This week, we’re featuring two guest blog posts by students on the MSc in Accounting at Dublin City University Business School (DCUBS), who studied ESB’s annual reports as part of their coursework.
Back in 2016, we launched our back catalogue of ESB’s annual reports online – every ESB annual report, dating back to its foundation in 1927, can be found here. These posts illustrate how useful instant online access to such material can be, for academic as well as casual researchers. And thanks to the hard work of these students, we’ve now learned something new about ESB!
Supporting communities, the environment and much more: ESB and Corporate Social Responsibility (CSR)
Helen Ruane, MSc Accounting student, DCUBS
ESB has long been an enthusiastic contributor to the greater good in Ireland, constantly taking into account the community, employees, other stakeholders and the environment. One incredibly successful initiative is its ‘Energy for Generations Fund’, which funds strategic projects aimed at addressing some of the key social issues facing the country today. In 2016, over €2 million was allocated to various projects throughout the island of Ireland, as illustrated below:
So what is CSR?
Activities that focus on welfare, wellbeing and sustainability are referred to as ‘Corporate Social Responsibility’ activities, or ‘CSR’. Though CSR has no universal definition, that which is provided by the European Commission in 2017, captures its essence:
A concept whereby companies integrate social and environmental concerns in their business operations and in their interaction with their stakeholders on a voluntary basis.
CSR reporting emerged in the late 1980s with the intent that companies to provide information on their CSR initiatives. This post takes a brief look at CSR disclosures in ESB’s annual reports from 1996 to 2016.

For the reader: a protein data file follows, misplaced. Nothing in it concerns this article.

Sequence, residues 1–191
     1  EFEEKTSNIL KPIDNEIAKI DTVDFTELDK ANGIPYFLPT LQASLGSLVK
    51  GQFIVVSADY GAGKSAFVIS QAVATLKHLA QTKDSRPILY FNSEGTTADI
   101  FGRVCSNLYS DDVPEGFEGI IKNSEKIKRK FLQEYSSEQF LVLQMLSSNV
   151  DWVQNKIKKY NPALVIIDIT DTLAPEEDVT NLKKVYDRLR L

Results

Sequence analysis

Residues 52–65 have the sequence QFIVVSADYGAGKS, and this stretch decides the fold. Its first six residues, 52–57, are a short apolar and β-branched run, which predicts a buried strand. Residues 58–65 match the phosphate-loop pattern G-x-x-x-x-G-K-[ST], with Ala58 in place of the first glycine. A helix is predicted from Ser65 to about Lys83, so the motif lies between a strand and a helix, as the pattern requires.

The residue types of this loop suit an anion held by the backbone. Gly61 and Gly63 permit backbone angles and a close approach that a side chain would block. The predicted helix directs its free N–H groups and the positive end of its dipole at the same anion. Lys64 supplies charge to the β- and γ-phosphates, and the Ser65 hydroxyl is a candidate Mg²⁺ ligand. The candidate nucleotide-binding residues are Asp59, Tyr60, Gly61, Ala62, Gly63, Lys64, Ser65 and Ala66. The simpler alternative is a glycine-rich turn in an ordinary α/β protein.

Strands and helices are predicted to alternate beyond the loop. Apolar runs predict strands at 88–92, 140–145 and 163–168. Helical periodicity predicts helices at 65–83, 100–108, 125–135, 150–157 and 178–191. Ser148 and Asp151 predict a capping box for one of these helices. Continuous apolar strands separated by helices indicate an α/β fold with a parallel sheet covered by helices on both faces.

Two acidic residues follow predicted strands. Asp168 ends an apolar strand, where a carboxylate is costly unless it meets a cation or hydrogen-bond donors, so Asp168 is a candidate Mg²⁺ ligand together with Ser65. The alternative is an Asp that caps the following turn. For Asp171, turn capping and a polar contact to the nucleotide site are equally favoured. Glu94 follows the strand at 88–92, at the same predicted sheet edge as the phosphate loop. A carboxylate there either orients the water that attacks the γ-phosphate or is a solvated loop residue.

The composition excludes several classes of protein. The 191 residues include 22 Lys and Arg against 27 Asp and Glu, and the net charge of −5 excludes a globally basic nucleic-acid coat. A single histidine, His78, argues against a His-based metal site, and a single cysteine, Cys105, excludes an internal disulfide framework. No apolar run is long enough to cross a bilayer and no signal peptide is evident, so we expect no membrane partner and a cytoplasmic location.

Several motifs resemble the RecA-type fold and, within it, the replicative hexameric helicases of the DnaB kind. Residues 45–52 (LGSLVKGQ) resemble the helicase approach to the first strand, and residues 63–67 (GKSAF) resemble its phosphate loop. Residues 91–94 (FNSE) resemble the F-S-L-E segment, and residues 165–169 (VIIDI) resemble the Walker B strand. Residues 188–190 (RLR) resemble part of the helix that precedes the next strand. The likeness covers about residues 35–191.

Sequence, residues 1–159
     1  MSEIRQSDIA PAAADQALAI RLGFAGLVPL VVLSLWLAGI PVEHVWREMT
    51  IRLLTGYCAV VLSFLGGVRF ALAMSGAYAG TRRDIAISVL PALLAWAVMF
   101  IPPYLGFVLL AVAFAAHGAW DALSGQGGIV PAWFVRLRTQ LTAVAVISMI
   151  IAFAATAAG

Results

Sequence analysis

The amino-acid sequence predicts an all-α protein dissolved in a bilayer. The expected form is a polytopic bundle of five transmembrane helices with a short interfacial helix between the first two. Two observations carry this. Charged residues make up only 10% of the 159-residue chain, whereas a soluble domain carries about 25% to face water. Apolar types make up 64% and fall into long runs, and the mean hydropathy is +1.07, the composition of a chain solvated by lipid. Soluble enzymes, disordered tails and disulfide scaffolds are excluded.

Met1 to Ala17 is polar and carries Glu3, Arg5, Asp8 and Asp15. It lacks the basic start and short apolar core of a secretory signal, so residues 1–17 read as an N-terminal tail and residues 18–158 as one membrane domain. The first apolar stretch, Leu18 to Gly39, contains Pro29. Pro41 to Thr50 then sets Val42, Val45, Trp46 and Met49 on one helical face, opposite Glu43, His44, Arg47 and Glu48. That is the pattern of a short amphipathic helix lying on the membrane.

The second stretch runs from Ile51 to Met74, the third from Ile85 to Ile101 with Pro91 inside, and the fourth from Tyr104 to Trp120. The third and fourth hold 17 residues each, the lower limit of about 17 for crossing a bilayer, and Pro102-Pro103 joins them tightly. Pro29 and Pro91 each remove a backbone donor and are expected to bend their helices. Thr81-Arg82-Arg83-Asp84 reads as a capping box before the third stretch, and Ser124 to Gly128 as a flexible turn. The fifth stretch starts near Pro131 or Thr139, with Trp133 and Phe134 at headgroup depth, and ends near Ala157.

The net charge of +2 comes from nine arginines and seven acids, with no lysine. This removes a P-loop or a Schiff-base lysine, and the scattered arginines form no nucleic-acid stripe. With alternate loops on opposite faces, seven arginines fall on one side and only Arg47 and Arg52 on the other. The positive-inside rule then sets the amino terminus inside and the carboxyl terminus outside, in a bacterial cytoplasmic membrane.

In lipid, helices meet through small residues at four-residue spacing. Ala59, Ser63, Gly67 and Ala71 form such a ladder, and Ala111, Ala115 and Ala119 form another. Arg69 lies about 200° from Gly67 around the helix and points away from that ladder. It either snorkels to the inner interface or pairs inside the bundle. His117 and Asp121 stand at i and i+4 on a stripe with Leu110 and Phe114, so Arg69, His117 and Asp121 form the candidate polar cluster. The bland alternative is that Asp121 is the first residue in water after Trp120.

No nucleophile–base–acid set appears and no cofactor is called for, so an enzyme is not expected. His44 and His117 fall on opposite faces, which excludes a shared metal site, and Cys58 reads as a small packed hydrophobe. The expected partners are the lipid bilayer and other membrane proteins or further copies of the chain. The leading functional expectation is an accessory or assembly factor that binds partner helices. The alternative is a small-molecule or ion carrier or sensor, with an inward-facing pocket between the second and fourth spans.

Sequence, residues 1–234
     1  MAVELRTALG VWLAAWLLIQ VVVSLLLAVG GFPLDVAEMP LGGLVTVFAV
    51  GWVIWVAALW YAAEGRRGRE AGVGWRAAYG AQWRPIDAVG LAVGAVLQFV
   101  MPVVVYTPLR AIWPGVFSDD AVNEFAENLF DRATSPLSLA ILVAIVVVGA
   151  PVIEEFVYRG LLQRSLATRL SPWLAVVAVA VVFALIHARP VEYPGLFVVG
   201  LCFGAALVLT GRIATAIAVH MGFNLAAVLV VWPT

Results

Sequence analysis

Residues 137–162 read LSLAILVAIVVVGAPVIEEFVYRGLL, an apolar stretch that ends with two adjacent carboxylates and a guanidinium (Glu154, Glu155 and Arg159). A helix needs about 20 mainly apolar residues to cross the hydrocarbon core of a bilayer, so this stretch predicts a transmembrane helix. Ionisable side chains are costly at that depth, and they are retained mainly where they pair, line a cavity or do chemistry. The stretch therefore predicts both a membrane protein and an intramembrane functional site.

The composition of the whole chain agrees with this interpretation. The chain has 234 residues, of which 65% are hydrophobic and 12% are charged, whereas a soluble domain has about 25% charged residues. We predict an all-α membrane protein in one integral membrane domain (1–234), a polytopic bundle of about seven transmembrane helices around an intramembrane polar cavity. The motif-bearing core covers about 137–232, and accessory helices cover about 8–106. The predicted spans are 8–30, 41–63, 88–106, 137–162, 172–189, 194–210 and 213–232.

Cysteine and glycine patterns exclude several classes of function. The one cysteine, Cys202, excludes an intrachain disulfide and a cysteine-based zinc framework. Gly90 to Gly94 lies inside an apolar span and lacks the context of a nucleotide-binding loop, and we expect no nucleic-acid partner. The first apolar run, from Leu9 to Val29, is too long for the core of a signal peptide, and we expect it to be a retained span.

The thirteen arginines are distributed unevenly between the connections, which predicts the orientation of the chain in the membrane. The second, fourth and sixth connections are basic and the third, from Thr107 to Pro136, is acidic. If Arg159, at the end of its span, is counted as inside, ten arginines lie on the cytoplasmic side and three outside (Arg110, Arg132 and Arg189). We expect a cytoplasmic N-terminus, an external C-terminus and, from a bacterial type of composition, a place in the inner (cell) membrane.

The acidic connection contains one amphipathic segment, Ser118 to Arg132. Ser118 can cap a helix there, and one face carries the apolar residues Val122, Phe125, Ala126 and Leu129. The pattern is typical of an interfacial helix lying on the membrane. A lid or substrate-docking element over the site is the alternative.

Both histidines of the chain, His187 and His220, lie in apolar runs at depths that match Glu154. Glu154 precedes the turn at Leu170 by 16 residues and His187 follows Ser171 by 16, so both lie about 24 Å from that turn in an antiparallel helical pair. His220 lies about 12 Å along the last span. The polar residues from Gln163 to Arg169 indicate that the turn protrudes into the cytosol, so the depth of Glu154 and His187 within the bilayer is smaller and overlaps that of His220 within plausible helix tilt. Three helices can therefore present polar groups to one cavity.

How has ESB reported on CSR?
There are three ways in which presentation of a CSR disclosure can change; by size, changing location and the use/discontinuance of graphics and images. A brief overview from ESB annual reports over the past two decades is outlined below:
Size of Disclosure
In 2001, the disclosure word count increased by 103%. Looking at the overall trend, the word count attributed to CSR disclosures increased by a staggering 746% over the 21-year period.
Location of Disclosure
Currently, CSR disclosures appear in ESB’s annual reports in their own independent section, alongside the table of contents, highlights, chief executive’s report, chairman’s report and strategy sections. This is a vast divergence from previous years, for example, in 1999, when it was limited to its own section.
Use of Imagery
Approximately 20 images and graphs appear in the 2016 annual report relating to CSR disclosures. This contrasts significantly to 1996 where no such images or graphs appear.
ESB understands that a picture does speak 1,000 words and has increasingly included images and graphs as an integral part of their CSR disclosures.
Take for example the company’s ‘Energy for Generations Fund’ which illustrates effectively the number, type, and location of projects currently being undertaken by the fund.
The points above suggest there has been a substantial and positive change of presentation in CSR disclosures within ESB; both in changing size and location and the introduction and increasing use of graphs and images. The potential reasons for such change may include the introduction and evolution of guiding frameworks on CSR, legislation, current events, and the most recent global financial crisis.
With thanks to Dr Martin Quinn, Associate Professor and Head of Accounting at DCU, who got in touch to share these posts with us. If you are an academic who would like to get in touch to use ESB’s archival material in your coursework, please contact us at firstname.lastname@example.org.